Topsy-Turvy: Criterion Collection
March 31, 2011
You have to hand it to Mike Leigh, a filmmaker who has the confidence to make a $20 million period musical with limited commercial appeal. In 1999, he released Topsy-Turvy, a musical drama chronicling W.S. Gilbert and Arthur Sullivan’s creation of The Mikado in 1884-85. In addition to examining the creative conflicts between playwright Gilbert and composer Sullivan, Leigh does a fantastic job recreating Victorian era British life including the minutia of theater life and society in general. Known for his gritty depictions of working class people, this film was (and remains) seen as quite a departure for the filmmaker but it did offer him the opportunity to tell a story about the creative process and the challenge of artistic collaboration, which mirrored his own process of filmmaking.
We are introduced to Gilbert (Broadbent) angrily reading a review criticizing his and Sullivan’s latest work, Princess Ida. They have stopped working together because Sullivan (Corduner) feels that their collaboration has become routine. However, he is chronically sick, taking morphine injections every day in order to function. He heads off to Paris to indulge in their brothels while Gilbert pulls Ida and replaces it with a revival of The Sorcerer. Fortunately, his wife Lucy (Manville) takes him to the Japanese Exhibition in London and he becomes fascinated by Kabuki Theater. He experiences an epiphany and comes up with the genesis for The Mikado. He is soon reunited with Sullivan and the rest of the film plays out the backstage trials, tribulations and hijinxs that ensue.
Jim Broadbent and Allan Corduner do an excellent job of portraying one of the most famous artistic duos of all-time. The actors convey how these artists with very different approaches to theater brought out the best in each other when they collaborated together. They weren’t afraid to challenge each other and ended up complimenting their respective strengths and weaknesses. The attention to period detail, like the richness of Gilbert’s study, is quite impressive. Also of note are the period costumes, especially the vibrant Japanese attire for The Mikado.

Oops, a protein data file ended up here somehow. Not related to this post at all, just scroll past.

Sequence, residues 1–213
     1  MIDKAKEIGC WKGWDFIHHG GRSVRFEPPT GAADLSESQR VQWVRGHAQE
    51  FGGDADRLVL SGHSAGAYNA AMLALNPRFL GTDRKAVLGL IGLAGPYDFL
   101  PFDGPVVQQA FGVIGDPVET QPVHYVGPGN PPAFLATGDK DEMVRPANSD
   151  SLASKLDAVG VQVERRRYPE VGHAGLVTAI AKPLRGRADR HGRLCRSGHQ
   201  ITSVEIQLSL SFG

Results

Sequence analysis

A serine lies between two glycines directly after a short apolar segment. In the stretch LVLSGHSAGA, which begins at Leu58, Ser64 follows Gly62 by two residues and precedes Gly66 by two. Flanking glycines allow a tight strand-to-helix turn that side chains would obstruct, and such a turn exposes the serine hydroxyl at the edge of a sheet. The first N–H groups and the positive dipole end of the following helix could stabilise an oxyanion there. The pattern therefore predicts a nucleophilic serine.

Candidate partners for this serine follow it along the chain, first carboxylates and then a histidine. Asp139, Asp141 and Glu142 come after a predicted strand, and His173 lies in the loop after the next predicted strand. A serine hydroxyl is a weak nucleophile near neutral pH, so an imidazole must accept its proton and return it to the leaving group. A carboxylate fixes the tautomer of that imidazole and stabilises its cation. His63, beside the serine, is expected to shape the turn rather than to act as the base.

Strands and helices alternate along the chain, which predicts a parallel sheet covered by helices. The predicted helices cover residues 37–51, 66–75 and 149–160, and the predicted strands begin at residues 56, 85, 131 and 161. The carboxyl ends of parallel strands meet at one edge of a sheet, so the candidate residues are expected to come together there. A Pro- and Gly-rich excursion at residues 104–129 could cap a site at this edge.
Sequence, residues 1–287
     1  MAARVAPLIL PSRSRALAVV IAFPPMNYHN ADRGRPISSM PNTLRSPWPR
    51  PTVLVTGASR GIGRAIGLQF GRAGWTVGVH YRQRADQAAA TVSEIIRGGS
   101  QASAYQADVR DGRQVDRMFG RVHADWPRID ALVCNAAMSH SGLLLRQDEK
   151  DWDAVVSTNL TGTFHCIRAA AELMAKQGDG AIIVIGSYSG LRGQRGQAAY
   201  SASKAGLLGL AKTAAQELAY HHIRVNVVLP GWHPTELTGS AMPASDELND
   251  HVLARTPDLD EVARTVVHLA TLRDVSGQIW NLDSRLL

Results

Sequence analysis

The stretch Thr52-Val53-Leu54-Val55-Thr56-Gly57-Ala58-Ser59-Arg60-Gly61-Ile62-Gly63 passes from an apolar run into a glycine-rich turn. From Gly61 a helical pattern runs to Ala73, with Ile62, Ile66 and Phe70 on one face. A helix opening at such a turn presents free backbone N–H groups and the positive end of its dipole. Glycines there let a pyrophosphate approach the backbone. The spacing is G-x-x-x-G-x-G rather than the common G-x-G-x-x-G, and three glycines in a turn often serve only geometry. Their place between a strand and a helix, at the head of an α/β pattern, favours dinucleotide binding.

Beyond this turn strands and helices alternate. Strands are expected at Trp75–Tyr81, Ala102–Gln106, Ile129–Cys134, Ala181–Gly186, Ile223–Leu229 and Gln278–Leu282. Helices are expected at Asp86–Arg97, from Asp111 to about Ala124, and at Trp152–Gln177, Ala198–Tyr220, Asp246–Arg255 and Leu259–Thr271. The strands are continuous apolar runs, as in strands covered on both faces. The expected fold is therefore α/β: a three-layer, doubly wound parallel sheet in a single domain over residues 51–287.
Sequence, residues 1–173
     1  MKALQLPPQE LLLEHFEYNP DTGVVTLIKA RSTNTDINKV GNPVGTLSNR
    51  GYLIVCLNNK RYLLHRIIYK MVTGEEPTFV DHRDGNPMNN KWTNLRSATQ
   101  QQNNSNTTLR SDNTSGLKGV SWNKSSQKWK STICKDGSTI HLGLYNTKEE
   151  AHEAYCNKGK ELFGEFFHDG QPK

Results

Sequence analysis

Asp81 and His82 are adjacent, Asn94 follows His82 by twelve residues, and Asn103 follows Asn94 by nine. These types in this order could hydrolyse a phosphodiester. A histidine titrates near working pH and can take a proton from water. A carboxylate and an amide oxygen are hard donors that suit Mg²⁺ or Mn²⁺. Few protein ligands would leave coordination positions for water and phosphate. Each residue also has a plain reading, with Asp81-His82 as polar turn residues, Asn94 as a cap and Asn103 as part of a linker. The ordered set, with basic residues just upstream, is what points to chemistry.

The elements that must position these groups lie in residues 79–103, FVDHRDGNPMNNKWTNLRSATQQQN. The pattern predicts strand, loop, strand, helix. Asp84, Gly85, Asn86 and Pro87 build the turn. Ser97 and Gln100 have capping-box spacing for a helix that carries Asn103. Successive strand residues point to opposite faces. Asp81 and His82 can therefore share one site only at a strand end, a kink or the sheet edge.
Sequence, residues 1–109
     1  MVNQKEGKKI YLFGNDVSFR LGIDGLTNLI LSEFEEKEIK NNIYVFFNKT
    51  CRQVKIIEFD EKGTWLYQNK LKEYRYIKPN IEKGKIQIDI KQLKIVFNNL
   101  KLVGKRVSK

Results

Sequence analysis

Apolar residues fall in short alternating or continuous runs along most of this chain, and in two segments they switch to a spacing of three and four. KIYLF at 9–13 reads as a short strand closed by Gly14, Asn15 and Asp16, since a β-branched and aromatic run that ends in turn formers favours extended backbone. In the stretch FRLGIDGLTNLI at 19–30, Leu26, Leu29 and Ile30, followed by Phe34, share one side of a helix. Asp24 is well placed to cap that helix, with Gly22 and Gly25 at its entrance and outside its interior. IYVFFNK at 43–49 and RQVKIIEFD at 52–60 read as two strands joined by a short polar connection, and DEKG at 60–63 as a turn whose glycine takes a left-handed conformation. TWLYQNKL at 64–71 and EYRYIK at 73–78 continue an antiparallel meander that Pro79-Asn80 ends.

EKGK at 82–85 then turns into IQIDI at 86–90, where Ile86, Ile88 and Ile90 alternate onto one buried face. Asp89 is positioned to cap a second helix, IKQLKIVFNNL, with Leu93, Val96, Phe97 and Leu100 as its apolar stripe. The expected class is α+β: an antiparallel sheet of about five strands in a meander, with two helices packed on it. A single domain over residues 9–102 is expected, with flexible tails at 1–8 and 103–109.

Not surprisingly, one’s enjoyment for Topsy-Turvy hinges on your love for Gilbert and Sullivan musicals. Leigh’s film is well-written, brilliantly acted (Broadbent has never been better) and masterfully directed but personally the subject matter fails to engage me. I prefer his contemporary dramas but for those who like period musicals, this film is pure catnip. While Topsy-Turvy is a superb backstage drama and biopic, it certainly isn’t for everyone and this resulted in fairly dismal box office returns when it was first released. Kudos to the Criterion Collection for giving Mike Leigh’s film the deluxe treatment. This is the kind of niche film that they excel at championing.
The first disc features an audio commentary by writer/director Mike Leigh. The always engaging filmmaker speaks passionately about the subject matter. He also talks about the nuts and bolts of his filmmaking process – i.e. how he works with actors, how he establishes mood and atmosphere, and so on. Leigh also tells a few filming anecdotes on this solid track.
The second disc starts off with a conversation between Leigh and musical director Gary Yershon. They talk about the differences between Gilbert and Sullivan and how much they drew from historical source material in Topsy-Turvy. Leigh also talks about his intentions, like how he wanted to comment on the filmmaking process. This is a lively and memorable discussion.
Also included are four deleted scenes including a cut song. Leigh was contractual obligated to deliver a certain running time and even though he pushed it, footage was still cut.
“A Sense of History” is a 22-minute short film that Leigh made in 1992 starring and written by Jim Broadbent. In it, he plays the 23rd Earl of Leete, who takes a film crew on a tour of his estate. It was at the time of the making of this short film that Broadbent and Leigh began talking about Topsy-Turvy.
There is a featurette made at the time of the flim’s release that is a fairly standard mix of talking head soundbites and clips from the film. Leigh and some of the cast speak eloquently about the film and Gilbert and Sullivan.
Finally, there is a theatrical trailer and three T.V. spots.